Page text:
What would you do?
I did not allow my little one to get Instagram, but she did behind my back – I am still upset about it. Then she posted some pictures there of her friend and herself with questions “who do you like”. Not much time went by, somebody’s mother called the other girls mom and told her about it. Mom tried to reach my daughter to get that post off, but could not and ended up calling me. After I got hold of my daughter, I told her to take it off and apologies to her friends mom ( she is my friend too). And she did, but then, she went on parenting my daughter – no, no, no. You should accept the apology and stop communication with the child at that point, lets deal with the rest of hurt feelings as parents and talk as grownups should do. The result is :post is off, electronics out of reach for my child, friendship-questionable for both moms and kids. My question is – was it worth it? Correct me if I am wrong, but may be mom should deal directly with other mom, she should’ve called me as soon as she found out of that mischief. Is that too much to ask or we get wrapped up in our kids lives to the point that we start living them?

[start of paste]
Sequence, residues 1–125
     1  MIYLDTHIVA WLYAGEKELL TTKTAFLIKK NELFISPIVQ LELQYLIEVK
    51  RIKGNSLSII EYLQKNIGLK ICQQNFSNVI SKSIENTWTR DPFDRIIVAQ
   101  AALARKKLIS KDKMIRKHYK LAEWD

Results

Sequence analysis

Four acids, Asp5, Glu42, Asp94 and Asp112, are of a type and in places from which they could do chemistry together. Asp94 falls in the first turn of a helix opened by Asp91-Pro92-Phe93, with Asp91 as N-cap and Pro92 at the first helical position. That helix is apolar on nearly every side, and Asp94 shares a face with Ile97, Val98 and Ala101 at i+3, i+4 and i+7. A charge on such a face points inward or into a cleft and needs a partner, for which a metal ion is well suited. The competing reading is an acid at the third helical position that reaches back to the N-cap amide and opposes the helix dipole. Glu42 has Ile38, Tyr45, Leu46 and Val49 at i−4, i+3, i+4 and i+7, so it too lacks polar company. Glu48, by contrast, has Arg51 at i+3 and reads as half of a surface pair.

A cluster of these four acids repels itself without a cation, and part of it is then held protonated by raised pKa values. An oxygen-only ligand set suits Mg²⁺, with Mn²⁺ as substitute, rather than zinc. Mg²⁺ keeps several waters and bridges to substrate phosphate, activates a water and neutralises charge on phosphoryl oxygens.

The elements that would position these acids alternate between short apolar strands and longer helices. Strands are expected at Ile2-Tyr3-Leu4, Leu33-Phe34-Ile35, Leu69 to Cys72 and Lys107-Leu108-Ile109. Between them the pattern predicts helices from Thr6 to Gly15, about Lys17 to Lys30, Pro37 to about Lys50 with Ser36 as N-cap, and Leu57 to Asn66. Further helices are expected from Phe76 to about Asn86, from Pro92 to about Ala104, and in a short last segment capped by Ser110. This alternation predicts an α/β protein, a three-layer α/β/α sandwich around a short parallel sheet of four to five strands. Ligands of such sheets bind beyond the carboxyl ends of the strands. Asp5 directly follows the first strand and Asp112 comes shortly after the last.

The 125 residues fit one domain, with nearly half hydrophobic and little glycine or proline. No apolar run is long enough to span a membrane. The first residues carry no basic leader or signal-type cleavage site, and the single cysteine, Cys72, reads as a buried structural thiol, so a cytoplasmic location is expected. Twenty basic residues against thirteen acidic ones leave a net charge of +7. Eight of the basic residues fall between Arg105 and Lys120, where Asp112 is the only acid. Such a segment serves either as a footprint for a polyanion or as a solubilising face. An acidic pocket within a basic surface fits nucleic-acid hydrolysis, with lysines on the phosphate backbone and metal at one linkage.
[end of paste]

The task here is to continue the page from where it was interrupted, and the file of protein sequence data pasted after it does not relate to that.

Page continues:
Sometimes I wish I can take my kids and go back in time, so I can show them how world used to be without internet, Intagram, Facebook, Vine, and what ever else is out there for them to get in trouble with. Kids have a lot of challenges and social media adds more stress to their lives. And we as parents, sometimes, are not reacting like parents, but as kids would do and that is disturbing. We forget how to communicate face to face, we subject ourselves to the language of texting and emoticons, and then we wonder why our kids loosing their touch with reality?
The occurrence of two people being in the same room and texting to each other is disturbing, but kids do it and we allow it. In one of the old movies that I watched this week, one phrase was still very much relevant: ” People forgot how to be with other people. Two of them lived in the same apartment building, but on different floor and only met at our studio. With television this days, people don’t interact, they hide in their apartments and don’t even know who their neighbor is”- how true is that. We embraced the technology because it makes it easier for us, we text, we twitte, we update status – and it covers all bases and reaches all “friends”, but why? I think it is because we want to be liked and recognised for our accomplishments, and it is addictive. My biggest problem with that is kids involvement. Some of them are too young to be on Instargam or Facebook because they are not mature enough. Remember your first time out there – what do I do? What should I push, post, say? And then privacy settings – how to work it, how to protect myself?
It was a good lesson to my kid, she will live and learn and hopefully not do it again. We will make friends and we will lose a few along the way, but we keep moving. Information overload is intoxicating and there are so much to learn that you can talk about with your friends, that there are absolutely no need to subject yourself or your friends to unnecessary scrutiny of the social media. Somethings should stay private.